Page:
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					College Application Essay
The National Association for College Admission Counseling’s 2011 State of College
Admission report found that while grades, strength of curriculum and admission test
scores are the top factors in the college admission decision, a majority of colleges and
universities believe the essay to be of considerable or moderate importance in
determining which academically qualified students they would choose.

In other words, when all else is equal between competing applicants, a compelling essay
can make the difference. A powerful, well-written essay can also tip the balance for a
marginal applicant.

What are colleges looking for in an essay?
College admission officers look to the essay for evidence that a student can write well
and support ideas with logical arguments. They also want to know something about the
personality of the student. Sarah Myers McGinty, author of The College Application
Essay, shares the following tip for both counselors and students: "If you get a chance, ask
college representatives about the role of the essay at their colleges. At some colleges the
essay is used to determine fit, and at others it may be used to assure the college that the
student can do the work. At any rate, find out from the rep how essays are weighted and
used in the admissions process."

What are the different types of essays?
There are typically three types of essay questions: the "you" question, the "why us"
question and the "creative" question. The following descriptions and tips are based on
information found in McGinty's book.

The "you" question
This question boils down to "Tell us about yourself." The college wants to know students
better and see how students introduce themselves.
Example: "The University of Vermont values a diverse student body. What contributions
might you make to our campus community outside of academic achievement?"
Plus: This type of direct question offers students a chance to reveal something about
themselves other than grades and test scores.
Danger: The open-ended nature of these questions can lead to an essay that's all over the
Counselor tips
    • Encourage students to focus on just a few things and avoid the urge to "spill
    • Advise students not to simply write out their resume in paragraph form. It's better
        to develop one small event, person, place or feeling with a lot of narrative and
    • Explain to students that this is a "tell us a story" question. Students should tell a
        story that only they can tell.

The "why us" question
Some institutions ask for an essay about a student's choice of a college or career. They're
looking for information about the applicant's goals, and about how serious the student’s
commitment is to this particular college.
Example: "How did you become interested in American University?"
Plus: This type of question provides a focus for the essay; that is, why the student chose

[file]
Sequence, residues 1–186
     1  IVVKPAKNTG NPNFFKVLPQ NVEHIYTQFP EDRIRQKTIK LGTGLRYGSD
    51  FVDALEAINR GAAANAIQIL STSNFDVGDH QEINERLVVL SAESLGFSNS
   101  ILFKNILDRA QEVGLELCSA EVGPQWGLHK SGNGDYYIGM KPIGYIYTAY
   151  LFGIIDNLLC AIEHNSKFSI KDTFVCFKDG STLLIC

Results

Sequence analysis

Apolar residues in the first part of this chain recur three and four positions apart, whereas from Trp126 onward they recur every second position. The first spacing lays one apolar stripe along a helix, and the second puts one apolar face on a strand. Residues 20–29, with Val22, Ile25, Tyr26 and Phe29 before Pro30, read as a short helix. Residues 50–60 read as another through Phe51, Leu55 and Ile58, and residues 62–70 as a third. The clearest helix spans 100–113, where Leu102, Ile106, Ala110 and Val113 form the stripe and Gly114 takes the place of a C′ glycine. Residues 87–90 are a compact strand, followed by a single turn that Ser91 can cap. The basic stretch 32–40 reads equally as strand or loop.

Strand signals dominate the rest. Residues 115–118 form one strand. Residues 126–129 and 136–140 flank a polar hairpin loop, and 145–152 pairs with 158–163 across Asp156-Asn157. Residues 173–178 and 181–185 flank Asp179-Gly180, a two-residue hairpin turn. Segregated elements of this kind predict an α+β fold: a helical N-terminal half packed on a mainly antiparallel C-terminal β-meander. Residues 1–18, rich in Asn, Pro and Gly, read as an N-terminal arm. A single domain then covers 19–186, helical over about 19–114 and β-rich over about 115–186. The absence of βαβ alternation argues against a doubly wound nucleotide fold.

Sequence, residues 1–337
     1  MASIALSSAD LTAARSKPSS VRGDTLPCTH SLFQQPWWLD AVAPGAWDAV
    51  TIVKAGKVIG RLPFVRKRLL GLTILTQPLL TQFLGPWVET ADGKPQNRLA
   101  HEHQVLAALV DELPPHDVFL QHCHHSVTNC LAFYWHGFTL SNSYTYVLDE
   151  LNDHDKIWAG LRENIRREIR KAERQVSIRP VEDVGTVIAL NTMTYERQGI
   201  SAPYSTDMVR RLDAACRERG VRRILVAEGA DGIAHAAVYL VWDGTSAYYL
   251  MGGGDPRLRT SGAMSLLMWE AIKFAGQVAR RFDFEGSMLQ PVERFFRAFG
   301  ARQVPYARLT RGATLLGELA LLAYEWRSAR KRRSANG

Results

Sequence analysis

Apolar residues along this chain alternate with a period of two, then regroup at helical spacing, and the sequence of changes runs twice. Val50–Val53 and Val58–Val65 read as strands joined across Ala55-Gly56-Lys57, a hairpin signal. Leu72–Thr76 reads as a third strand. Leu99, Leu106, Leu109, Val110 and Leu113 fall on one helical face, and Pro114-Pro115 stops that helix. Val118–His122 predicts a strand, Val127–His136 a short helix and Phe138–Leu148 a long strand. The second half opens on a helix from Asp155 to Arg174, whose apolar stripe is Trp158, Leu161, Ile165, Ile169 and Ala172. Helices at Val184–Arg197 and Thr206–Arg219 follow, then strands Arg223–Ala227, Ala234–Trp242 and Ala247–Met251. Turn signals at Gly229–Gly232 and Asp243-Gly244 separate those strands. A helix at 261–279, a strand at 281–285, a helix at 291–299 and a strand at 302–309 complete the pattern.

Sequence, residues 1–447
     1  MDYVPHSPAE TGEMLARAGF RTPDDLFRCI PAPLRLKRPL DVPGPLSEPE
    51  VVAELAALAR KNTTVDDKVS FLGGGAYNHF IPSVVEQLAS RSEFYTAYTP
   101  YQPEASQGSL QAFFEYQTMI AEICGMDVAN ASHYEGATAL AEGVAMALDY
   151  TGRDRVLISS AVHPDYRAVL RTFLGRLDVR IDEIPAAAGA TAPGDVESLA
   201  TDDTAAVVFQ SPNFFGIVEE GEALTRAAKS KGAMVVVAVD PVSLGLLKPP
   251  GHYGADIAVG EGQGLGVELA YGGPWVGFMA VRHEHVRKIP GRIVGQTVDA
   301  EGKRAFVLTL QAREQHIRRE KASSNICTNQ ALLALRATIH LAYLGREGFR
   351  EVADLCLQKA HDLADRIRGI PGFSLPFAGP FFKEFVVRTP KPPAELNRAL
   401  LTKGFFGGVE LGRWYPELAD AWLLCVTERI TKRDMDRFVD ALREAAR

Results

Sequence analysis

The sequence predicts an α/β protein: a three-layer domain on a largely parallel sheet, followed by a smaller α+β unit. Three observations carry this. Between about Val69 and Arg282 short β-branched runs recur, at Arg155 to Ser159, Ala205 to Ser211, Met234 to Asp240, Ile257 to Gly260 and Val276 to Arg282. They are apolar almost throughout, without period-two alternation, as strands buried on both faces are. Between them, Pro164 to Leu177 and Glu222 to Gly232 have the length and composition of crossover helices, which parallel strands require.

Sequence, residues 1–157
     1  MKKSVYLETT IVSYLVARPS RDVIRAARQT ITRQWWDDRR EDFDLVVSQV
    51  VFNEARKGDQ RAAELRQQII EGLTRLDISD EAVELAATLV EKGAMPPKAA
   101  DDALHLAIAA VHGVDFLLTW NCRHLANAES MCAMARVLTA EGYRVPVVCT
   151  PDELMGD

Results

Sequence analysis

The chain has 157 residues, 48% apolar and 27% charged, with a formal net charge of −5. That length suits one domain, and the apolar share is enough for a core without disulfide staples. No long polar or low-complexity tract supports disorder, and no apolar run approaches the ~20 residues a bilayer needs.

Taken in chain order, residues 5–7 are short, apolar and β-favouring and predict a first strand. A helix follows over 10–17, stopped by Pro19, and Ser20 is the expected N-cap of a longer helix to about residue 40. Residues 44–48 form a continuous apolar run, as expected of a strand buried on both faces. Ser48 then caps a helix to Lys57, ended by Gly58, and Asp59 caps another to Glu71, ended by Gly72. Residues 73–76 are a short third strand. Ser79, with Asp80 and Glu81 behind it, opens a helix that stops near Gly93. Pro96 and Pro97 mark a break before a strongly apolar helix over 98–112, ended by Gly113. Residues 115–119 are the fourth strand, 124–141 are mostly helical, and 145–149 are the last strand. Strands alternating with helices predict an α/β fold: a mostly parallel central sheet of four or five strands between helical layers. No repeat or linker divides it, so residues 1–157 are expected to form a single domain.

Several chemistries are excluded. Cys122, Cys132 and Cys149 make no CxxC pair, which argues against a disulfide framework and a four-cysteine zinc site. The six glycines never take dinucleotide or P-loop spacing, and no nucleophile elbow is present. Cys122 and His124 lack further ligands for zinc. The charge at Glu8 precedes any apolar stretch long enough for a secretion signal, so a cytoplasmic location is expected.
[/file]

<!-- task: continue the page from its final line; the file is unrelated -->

this particular college or path — and the answer to that will (hopefully) be clear.
Danger: Any factual errors in the essay will reveal that the student really hasn't thought
deeply about the choice. For example, writing about attending Carleton College to major
in agriculture would be a blunder, because Carleton doesn't have an agriculture major.
An upside to this type of question is that while working on the essay, the student might
realize that the college is not a good match — and it's better to know that sooner than
Counselor tips
    • Advise students to make absolutely sure they know their subject well.
    • Warn students not to go overboard with flattery. They should sound sincere but
        not ingratiating.

The "creative" question
The goals of the "creative" question are to evaluate a candidate's ability to think and write
creatively and to assess the breadth of the student’s knowledge and education.
Example: "Sharing intellectual interests is an important aspect of university life. Describe
an experience or idea that you find intellectually exciting, and explain why."
Plus: This kind of question gives students an opportunity to convey their personalities
and views.
Danger: Some students may take the "creative" aspect of the question as license to be
obscure, pretentious or undisciplined in their writing.
Counselor tips
    • Emphasize to students the importance of writing an informed essay. For example,
        they should not write about a fantasy meeting with a famous artist and get the
        titles of the artist’s paintings wrong.
    • Advise students to use common sense ("creative" doesn't mean eccentric or self-
    • Warn students not to write about high-minded topics or exotic locales simply to
        impress the reader.

How much help is too much help?
According to the College Board report Admissions Decision-Making Models, admission
officers have expressed concern about how much assistance students receive in preparing
an essay. Many institutions now ask applicants to sign a statement avowing that the essay
submitted is their own work.

This article is based, in part, on information found in The College Application Essay, by
Sarah Myers McGinty.

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